I just found that Carl Sagan’s Cosmos, the 1980 TV series on life and the universe, is now on Itunes. You can get it here, at $1.99 an episode.
I’ve downloaded the first two episodes, which I don’t think I’ve seen since they first aired 28 years ago. I remember watching every episode intently as a 14-year old at the end of the Carter administration. The passage of time has revealed some hokiness around the edges. The music, much of it by Vangelis, sometimes makes me think I’ve walked into a crystal shop. Sagan is fitted in corduroy blazers and what seems to be the precursor of the Members Only jacket. Some of the images still look good–like Sagan’s calendar of the cosmos–but there are also painfully long pans across a cardboard diorama of ancient amphibians, reptiles, and mammals. We are so spoiled today by Jurassic Park.
For some reason, what struck me as hokiest about Cosmos was the spaceship Sagan uses to coast around space to show off galaxies and pulsars. It is meant as a deeply profound experience–a voyage of the imagination across billions of light years (say it slowly, in proper Sagan style). But Sagan sits in a plastic bucket chair that survives today only in aging bus stations and flea markets.
The picture of science Sagan presents is also a bit too simple for my taste now (at least in the first two episodes I’ve watched again). He offers a black-and-white picture of science versus the forces of superstition, war, and other bad things. Greeks love knowledge, Dark Ages fall, Kepler rises! Only science will save us from the evils of nuclear war! Of course, Kepler’s discoveries were motivated by his mystical reading of the Bible. And, of course, science and war (hot or cold) have been intimately intertwined for the past century. The people who sacked the library of Alexandria did not build the atomic bomb. The generation of physicists who taught Sagan did.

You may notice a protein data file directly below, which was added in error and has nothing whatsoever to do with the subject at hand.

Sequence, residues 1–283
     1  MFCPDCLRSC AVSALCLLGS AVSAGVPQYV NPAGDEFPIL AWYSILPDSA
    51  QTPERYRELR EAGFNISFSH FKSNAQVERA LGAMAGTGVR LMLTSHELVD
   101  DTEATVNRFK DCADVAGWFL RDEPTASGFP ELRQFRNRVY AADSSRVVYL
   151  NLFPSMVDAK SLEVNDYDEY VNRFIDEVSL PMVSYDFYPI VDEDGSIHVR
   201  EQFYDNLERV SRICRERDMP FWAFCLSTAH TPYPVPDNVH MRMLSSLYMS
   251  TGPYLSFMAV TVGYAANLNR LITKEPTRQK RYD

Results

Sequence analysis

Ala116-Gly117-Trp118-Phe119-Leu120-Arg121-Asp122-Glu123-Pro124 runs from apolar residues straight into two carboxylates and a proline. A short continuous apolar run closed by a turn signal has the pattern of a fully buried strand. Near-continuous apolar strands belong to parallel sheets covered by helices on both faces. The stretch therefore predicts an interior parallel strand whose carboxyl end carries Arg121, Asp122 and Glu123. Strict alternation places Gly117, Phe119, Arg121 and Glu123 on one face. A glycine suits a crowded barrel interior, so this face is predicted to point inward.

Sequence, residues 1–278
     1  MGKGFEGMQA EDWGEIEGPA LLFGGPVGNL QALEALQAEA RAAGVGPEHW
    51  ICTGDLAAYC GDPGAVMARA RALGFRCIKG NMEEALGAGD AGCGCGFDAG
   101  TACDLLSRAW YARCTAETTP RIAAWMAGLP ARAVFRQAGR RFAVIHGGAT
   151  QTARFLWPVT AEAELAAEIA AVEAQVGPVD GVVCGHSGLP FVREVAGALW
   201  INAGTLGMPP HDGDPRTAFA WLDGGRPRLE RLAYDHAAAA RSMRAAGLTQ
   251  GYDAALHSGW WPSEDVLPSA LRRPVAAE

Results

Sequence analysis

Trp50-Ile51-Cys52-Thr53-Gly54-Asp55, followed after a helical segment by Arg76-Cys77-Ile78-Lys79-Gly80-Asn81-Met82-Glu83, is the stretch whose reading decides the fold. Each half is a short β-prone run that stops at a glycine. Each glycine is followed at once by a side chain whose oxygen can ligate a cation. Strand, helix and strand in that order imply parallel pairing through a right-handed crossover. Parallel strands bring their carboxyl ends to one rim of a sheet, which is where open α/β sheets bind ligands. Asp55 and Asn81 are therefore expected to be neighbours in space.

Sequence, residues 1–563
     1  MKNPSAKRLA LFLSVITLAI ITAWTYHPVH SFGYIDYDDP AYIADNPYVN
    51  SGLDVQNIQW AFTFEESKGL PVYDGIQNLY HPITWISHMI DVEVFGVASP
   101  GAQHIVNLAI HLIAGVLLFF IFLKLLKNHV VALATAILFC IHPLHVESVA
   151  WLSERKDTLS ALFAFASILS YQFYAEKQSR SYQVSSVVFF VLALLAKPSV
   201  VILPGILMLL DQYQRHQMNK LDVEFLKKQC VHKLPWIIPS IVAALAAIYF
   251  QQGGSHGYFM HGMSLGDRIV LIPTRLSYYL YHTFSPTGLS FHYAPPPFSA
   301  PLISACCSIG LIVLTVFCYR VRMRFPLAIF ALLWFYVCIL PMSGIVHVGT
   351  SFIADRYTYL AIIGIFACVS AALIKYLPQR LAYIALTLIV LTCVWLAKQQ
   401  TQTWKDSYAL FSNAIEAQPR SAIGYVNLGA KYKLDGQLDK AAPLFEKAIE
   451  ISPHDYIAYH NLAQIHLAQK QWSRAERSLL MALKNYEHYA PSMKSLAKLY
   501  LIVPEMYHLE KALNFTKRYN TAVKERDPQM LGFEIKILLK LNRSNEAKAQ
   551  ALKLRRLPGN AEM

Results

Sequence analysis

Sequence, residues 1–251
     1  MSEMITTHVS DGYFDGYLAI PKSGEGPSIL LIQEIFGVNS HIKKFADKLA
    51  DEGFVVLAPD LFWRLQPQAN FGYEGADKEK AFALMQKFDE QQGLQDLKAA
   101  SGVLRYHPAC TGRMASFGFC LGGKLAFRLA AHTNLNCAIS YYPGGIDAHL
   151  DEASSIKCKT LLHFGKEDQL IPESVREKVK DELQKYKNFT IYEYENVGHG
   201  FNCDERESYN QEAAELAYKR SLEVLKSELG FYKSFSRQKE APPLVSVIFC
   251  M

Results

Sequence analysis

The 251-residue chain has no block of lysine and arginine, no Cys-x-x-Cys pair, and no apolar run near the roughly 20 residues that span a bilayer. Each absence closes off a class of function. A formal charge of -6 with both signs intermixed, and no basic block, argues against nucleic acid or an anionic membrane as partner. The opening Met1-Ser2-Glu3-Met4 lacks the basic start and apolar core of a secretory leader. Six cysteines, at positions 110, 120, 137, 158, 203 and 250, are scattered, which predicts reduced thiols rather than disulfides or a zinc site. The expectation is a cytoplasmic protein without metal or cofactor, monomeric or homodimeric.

But as I was tallying up the shortcomings of the show, something funny happened. My daughters, 7 and 4, are pretty well-trained now to stay out of the office. But as I was watching Cosmos on my computer, they snuck in and ended up sitting on my lap, captivated by the stately unwinding of DNA and the majestic trip through the cell. I could see they were starting to understand things that I’ve been trying to explain without much luck. In an age of hyper-fast editing cuts and soundtracks always turned to eleven, Cosmos can still mesmerize a child and give her an introduction to the natural world. Sagan’s accounts are sometimes a bit dated now, but nobody has done a better job of conveying a sense of the scale of nature, from that calendar to that bus-station spaceship to the dive into the cell–and it’s thanks largely to Sagan’s exceptional ability to talk about science in clear, even poetic terms. It is, I’m realizing, a show that shaped the way I look at the world, even now that I’m getting close to Sagan’s age when he filmed it. And for that, I can forgive any fashion faux pas.